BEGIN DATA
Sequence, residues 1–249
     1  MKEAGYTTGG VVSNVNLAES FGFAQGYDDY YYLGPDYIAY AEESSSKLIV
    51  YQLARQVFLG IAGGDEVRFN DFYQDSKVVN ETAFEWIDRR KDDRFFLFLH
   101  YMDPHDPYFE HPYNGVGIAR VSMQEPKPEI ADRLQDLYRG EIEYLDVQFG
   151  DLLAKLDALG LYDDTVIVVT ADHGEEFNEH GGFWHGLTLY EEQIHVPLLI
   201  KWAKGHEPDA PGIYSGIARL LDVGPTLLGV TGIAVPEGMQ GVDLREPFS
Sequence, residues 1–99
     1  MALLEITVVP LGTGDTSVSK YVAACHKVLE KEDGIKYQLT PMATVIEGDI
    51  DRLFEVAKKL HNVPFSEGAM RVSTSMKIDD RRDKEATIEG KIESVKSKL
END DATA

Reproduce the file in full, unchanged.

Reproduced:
Sequence, residues 1–249
     1  MKEAGYTTGG VVSNVNLAES FGFAQGYDDY YYLGPDYIAY AEESSSKLIV
    51  YQLARQVFLG IAGGDEVRFN DFYQDSKVVN ETAFEWIDRR KDDRFFLFLH
   101  YMDPHDPYFE HPYNGVGIAR VSMQEPKPEI ADRLQDLYRG EIEYLDVQFG
   151  DLLAKLDALG LYDDTVIVVT ADHGEEFNEH GGFWHGLTLY EEQIHVPLLI
   201  KWAKGHEPDA PGIYSGIARL LDVGPTLLGV TGIAVPEGMQ GVDLREPFS
Sequence, residues 1–99
     1  MALLEITVVP LGTGDTSVSK YVAACHKVLE KEDGIKYQLT PMATVIEGDI
    51  DRLFEVAKKL HNVPFSEGAM RVSTSMKIDD RRDKEATIEG KIESVKSKL